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Space Age Makeup Creates Diversity in an Industry that Desperately Needs It

by Theresa Christine Johnson on 12/11/2017 | 4 Minute Read

Makeup brands aren’t exactly known for being the most inclusive and diverse. A quick look at ads, commercials, and even the colors offered for foundation, and you’ll see a lot of women who look like a lot of the same. So when a makeup artist friend turned to Burak Ozcan to start a makeup brand, the big challenge was: “How will we create diversity and be different and fun?”

“We wanted the brand to speak to any woman on the planet who is strong, confident and comfortable with her face,” explained Burak.

To get started on the project, Burak began brainstorming how to achieve an all-inviting image and voice for the brand—something that would highlight the fun vibe of the makeup but also be different than what’s already out there. That’s when the idea for a space theme came into play.

“It suddenly had a great potential to create so many different ideas from space, universe, galaxies and all the cool technologies,” explained Burak. “We imagined all these different kinds of women from other planets and galaxies who look very different than humans. This way, we had the chance to give the message that no matter how you look or how different you are than others, you are the most beautiful creature in the universe.”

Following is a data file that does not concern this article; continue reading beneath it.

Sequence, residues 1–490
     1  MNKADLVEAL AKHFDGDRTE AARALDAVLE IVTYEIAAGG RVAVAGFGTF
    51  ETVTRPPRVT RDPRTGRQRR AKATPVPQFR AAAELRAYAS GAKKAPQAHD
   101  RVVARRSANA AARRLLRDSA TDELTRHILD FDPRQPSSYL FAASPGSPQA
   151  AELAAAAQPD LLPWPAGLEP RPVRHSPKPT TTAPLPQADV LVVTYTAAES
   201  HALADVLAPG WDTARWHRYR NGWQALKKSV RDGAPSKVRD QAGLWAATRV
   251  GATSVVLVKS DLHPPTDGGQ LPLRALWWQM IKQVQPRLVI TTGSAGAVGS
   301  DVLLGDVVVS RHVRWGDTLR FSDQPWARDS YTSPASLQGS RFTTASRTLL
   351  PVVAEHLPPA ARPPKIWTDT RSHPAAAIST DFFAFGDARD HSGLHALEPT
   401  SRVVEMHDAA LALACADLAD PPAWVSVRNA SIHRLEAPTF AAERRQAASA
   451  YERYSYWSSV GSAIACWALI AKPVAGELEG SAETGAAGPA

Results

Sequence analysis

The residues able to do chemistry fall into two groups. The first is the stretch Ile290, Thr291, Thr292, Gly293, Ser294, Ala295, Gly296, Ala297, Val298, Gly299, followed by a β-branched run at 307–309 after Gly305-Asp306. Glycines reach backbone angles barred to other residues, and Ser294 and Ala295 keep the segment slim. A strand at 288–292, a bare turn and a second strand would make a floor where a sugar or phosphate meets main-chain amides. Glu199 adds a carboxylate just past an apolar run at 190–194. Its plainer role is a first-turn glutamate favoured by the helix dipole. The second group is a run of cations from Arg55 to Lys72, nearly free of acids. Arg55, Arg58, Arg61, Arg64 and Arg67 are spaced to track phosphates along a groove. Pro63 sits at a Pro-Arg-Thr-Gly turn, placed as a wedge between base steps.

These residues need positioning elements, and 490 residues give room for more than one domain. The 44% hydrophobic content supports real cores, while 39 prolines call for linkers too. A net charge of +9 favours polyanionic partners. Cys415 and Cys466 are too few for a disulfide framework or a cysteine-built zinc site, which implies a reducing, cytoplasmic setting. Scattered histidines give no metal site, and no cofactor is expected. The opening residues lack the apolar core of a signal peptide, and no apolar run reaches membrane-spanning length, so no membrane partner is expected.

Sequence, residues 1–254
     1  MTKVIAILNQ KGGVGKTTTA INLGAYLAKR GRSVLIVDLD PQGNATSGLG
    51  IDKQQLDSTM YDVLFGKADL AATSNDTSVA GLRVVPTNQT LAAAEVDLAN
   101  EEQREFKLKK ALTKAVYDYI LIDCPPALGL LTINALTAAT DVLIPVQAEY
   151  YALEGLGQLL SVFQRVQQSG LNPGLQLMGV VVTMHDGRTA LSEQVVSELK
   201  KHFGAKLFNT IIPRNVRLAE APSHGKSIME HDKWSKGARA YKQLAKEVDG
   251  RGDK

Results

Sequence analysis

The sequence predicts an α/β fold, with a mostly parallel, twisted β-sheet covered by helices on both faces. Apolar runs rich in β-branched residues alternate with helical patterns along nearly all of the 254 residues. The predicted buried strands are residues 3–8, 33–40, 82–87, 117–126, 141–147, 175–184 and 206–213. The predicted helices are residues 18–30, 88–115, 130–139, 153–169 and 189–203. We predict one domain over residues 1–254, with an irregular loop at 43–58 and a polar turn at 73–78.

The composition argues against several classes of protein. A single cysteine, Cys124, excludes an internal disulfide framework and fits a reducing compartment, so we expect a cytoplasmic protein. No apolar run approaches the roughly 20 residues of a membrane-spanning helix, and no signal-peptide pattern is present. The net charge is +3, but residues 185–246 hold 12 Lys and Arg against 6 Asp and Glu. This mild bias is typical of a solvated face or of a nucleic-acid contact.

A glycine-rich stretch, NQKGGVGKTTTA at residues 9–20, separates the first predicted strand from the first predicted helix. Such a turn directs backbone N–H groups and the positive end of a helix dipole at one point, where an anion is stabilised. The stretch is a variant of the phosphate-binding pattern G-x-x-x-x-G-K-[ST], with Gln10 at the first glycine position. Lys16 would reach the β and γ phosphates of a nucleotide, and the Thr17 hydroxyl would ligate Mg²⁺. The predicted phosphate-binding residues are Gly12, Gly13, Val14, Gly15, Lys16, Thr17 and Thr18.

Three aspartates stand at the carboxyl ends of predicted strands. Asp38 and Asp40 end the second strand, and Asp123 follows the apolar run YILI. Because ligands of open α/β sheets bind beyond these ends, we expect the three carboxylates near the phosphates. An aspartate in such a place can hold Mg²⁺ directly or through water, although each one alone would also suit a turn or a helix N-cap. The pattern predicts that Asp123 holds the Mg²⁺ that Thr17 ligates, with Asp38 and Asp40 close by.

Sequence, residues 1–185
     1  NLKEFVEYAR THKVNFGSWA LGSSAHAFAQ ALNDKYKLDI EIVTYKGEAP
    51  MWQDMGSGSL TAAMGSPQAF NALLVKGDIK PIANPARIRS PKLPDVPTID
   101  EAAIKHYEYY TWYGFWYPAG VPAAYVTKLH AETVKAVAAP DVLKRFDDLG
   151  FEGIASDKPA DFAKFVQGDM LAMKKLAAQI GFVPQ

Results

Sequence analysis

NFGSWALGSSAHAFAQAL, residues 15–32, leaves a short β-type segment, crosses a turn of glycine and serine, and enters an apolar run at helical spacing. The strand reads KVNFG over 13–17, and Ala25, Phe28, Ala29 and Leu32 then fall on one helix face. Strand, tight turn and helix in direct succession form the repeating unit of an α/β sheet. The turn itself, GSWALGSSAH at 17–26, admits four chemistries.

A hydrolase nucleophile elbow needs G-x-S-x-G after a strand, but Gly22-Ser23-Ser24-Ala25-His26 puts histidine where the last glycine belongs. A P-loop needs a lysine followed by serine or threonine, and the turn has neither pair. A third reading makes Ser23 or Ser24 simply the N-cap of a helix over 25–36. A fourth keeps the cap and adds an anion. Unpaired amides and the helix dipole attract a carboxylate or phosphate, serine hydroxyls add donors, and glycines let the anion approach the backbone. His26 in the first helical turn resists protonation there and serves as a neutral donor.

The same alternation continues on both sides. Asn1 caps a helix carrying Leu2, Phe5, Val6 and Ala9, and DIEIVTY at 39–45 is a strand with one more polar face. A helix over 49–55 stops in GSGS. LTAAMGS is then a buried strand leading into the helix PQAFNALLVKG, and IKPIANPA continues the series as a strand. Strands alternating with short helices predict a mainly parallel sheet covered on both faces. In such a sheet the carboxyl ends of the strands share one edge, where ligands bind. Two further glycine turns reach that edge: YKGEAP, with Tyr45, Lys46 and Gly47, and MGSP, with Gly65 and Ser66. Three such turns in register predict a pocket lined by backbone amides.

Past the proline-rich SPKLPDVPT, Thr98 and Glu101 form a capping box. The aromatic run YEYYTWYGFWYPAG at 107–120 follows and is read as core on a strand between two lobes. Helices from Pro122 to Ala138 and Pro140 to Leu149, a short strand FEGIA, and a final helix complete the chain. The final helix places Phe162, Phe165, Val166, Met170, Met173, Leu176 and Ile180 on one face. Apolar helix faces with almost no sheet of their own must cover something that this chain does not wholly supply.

Indeed, when you imagine a futuristic space age where women feel empowered, you don’t think of one particular body type or skin tone. Instead, it elicits emotions of excitement, forward thinking, and significant advances in society—all of which play into the brand story for Space Age.

Once the space theme was chosen, it was time to flesh out the fantastical universe where the advocates for the brand would live. “My first exploration was creating a minimalist design language and using photography of women with crazy makeup for marketing materials. However, it still looked like other brands and was unsuccessful in delivering the essential message,” recalled Burak. “Then I started to think what was needed to make a difference and I realized that illustration was rarely used for makeup packaging. So I started to draw these characters enjoying quality time in their own planets and looking cool and confident. These illustrations became the essence of the visual language of the brand.” Using Ekaterina Golovanova's pinup poses as inspiration, thus the illustrations were born.

When it came to the color palette, Burak wanted it to look similar to earth’s in some ways, like the way plants and rivers are still green and blue. Then it just took tweaking the saturation and adding in some gold, white, and black elements to keep it balanced and unique.

The design process wasn’t an easy one, and it highlighted the need for a strong concept to create a strong foundation and brand—and for the need to have fun. Burak mentioned, “Generally illustrations and character designs are not taken seriously in this sector.” Not only are illustrations in makeup difficult to achieve on such small real estate for packaging, they can often be seen as juvenile or childish. “Then again, being serious isn't something we are after. All other brands worry too much to be serious.”

And that’s what makes Space Age such a standout: it’s fun and out there all while being warm and welcoming to all kinds of women. It’s a much-needed new look for cosmetics in an industry where the look has been the same for far too long.

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